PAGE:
An intervention to improve paediatric and newborn care in Kenyan district hospitals: understanding the context.
English M., Ntoburi S., Wagai J., Mbindyo P., Opiyo N., Ayieko P., Opondo C., Migiro S., Wamae A., Irimu G.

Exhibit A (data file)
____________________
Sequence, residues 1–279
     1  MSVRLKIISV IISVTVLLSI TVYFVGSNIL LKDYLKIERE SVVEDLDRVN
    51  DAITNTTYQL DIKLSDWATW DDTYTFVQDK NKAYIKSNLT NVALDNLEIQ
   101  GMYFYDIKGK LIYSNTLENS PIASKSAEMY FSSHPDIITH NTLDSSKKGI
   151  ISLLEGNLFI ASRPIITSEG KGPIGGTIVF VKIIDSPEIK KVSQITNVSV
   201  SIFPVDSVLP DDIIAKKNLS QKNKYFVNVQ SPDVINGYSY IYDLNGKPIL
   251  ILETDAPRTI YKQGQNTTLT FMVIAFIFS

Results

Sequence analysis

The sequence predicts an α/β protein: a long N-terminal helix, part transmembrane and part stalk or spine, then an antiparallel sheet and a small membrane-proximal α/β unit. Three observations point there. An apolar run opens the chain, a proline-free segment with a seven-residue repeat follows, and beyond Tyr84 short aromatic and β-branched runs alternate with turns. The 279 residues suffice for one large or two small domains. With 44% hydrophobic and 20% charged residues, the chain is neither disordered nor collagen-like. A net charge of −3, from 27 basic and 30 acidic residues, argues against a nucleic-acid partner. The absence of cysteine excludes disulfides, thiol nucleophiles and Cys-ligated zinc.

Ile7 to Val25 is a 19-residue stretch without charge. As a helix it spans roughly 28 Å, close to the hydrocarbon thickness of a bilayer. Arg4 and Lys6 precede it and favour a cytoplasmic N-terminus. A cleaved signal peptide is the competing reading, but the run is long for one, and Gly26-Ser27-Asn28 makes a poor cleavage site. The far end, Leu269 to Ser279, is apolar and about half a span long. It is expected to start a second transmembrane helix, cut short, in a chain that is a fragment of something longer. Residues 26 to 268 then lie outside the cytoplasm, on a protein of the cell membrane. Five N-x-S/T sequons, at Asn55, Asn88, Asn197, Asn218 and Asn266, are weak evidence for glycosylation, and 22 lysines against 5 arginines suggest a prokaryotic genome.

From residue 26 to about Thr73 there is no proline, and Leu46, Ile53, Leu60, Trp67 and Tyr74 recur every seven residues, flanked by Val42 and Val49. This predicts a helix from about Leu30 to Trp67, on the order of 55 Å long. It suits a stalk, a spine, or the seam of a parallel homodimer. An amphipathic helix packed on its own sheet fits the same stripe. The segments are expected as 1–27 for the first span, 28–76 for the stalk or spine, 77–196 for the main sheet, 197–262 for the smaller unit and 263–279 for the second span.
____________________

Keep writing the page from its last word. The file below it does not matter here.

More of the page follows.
BACKGROUND: It is increasingly appreciated that the interpretation of health systems research studies is greatly facilitated by detailed descriptions of study context and the process of intervention. We have undertaken an 18-month hospital-based intervention study in Kenya aiming to improve care for admitted children and newborn infants. Here we describe the baseline characteristics of the eight hospitals as environments receiving the intervention, as well as the general and local health system context and its evolution over the 18 months. METHODS: Hospital characteristics were assessed using previously developed tools assessing the broad structure, process, and outcome of health service provision for children and newborns. Major health system or policy developments over the period of the intervention at a national level were documented prospectively by monitoring government policy announcements, the media, and through informal contacts with policy makers. At the hospital level, a structured, open questionnaire was used in face-to-face meetings with senior hospital staff every six months to identify major local developments that might influence implementation. These data provide an essential background for those seeking to understand the generalisability of reports describing the intervention's effects, and whether the intervention plausibly resulted in these effects. RESULTS: Hospitals had only modest capacity, in terms of infrastructure, equipment, supplies, and human resources available to provide high-quality care at baseline. For example, hospitals were lacking between 30 to 56% of items considered necessary for the provision of care to the seriously ill child or newborn. An increase in spending on hospital renovations, attempts to introduce performance contracts for health workers, and post-election violence were recorded as examples of national level factors that might influence implementation success generally. Examples of factors that might influence success locally included frequent and sometimes numerous staff changes, movements of senior departmental or administrative staff, and the presence of local 'donor' partners with alternative priorities. CONCLUSION: The effectiveness of interventions delivered at hospital level over periods realistically required to achieve change may be influenced by a wide variety of factors at national and local levels. We have demonstrated how dynamic such contexts are, and therefore the need to consider context when interpreting an intervention's effectiveness.